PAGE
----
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What Does the Autoscaling Application Block Do?

The Autoscaling Application Block can automatically scale your Windows Azure application based on rules that you define specifically for your application. You can use these rules to help your Windows Azure application maintain its throughput in response to changes in its workload, while at the same time control the costs associated with hosting your application in Windows Azure. Scaling operations typically alter the number of role instances in your application, but the block also enables you to use other scaling actions such as throttling certain functionality within your application.

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Typically, you will host the Autoscaling Application Block in its own worker role in the cloud, or in an on-premises application, from where it can monitor and scale your Windows Azure application.

In the following diagram, the green line shows a plot of the number of running instances of a Windows Azure role over two days. The number of instances changes over time in response to a set of autoscaling rules.

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Autoscaling behavior in a Windows Azure application

Constraint Autoscaling Rules

To set upper and lower bounds on the number of instances, for example, let's say that between 8:00 and 10:00 every morning you want a minimum of four and a maximum of six instances, then you use a constraint rule. In the diagram, the red and blue lines represent constraints rules. For example, at point A in the diagram, the minimum number of role instances rises from two to four, in order to accommodate the anticipated increase in the application's workload at this time. At point B in the diagram, the number of role instances is prevented from climbing above five in order to control the running costs of the application.

Reactive Autoscaling Rules

To enable the number of role instances to change in response to unpredictable changes in demand, you use reactive rules. At point C in the diagram, the block automatically reduces the number of role instances, from four to three, in response to a reduction in workload. At point D, the block detects an increase in workload and automatically increases the number of running role instances from three to four.

The reactive rules that dynamically change the number of role instances can use a variety of techniques to monitor and control your application's workload. In addition to using performance counters and Windows Azure queue lengths as indicators of workload, the block allows you to define your own custom metrics, such as the number of unprocessed documents in the application.

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A reactive rule cannot make a change to the number of role instances unless there is a constraint rule that applies at the same time. It is easy to create a default constraint rule that always applies.

For more information about how the block resolves conflicts when multiple rules apply at the same time, see the topic "Understanding Rule Ranks and Reconciliation."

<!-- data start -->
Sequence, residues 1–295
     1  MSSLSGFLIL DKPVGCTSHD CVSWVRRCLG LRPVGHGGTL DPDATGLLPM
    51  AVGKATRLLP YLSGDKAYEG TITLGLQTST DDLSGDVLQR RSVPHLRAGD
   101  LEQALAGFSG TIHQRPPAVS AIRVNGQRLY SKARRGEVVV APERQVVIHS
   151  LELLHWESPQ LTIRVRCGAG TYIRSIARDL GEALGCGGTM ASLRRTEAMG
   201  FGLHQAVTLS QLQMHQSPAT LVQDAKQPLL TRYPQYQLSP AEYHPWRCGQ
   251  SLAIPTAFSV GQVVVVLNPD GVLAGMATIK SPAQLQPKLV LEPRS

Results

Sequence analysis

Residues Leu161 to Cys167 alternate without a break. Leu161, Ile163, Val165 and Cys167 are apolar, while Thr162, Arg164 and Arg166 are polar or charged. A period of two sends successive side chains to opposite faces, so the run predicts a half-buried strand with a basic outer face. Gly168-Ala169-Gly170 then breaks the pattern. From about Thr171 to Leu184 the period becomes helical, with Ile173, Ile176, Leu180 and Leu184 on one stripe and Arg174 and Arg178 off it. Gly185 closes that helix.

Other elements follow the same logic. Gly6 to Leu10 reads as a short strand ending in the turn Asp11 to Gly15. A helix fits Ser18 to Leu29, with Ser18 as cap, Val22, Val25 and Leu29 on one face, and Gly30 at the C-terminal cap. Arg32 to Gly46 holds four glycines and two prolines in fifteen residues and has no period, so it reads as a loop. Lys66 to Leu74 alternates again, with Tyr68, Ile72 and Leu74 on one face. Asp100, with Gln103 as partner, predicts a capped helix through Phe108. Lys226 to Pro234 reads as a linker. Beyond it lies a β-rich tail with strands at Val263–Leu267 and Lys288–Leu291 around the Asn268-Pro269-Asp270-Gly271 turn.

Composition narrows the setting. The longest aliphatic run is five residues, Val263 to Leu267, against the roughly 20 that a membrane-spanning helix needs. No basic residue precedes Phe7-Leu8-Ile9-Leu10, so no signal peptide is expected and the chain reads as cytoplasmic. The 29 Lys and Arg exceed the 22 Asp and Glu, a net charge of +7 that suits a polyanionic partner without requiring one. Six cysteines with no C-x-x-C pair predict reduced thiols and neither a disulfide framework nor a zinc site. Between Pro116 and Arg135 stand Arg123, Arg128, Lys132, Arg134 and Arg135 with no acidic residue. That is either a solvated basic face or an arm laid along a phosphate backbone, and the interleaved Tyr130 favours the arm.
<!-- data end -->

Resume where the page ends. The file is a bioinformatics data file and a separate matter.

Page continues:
Example Rules

The following snippet shows the set of example rules that were active during the two days shown in the diagram above. There are two constraint rules: one rule is always active, the other overrides the default rule at peak times. There are two reactive rules: one rule tries to increase the role instance count by one if average CPU usage for the last 45 minutes is over 80%, the other rule tries to decrease the role instance count by one if average CPU usage for the last 45 minutes is less than 20%.

<rules 
  xmlns=http://schemas.microsoft.com/practices/2011/entlib/autoscaling/rules
  enabled="true">
  <constraintRules>
    <rule name="Default" description="Always active" 
          enabled="true" rank="1">
      <actions>
        <range min="2" max="5" target="RoleA"/>
      </actions>
    </rule>
    
    <rule name="Peak" description="Active at peak times"
          enabled="true" rank="100">
      <actions>
        <range min="4" max="6" target="RoleA"/>
      </actions>
      <timetable startTime="08:00:00" duration="02:00:00">
        <daily/>
      </timetable>
    </rule>
  </constraintRules>
  
  <reactiveRules>
    <rule name="ScaleUp" description="Increases instance count" 
          enabled="true" rank="10">
      <when>
        <greater operand="Avg_CPU_RoleA" than="80"/>
      </when>
      <actions>
        <scale target="RoleA" by="1"/>
      </actions>
    </rule>
    <rule name="ScaleDown" description="Decreases instance count" 
          enabled="true" rank="10">
      <when>
        <less operand="Avg_CPU_RoleA" than="20"/>
      </when>
      <actions>
        <scale target="RoleA" by="-1"/>
      </actions>
    </rule>
  </reactiveRules>

  <operands>
    <performanceCounter alias="Avg_CPU_RoleA" 
      performanceCounterName="\Processor(_Total)\% Processor Time" 
      aggregate="Average" source="RoleA" timespan="00:45:00"/>  
  </operands>
</rules>

The block automatically logs details of all the rules that it executes and the results of the all the scaling actions that it performs.

Last built: June 7, 2012

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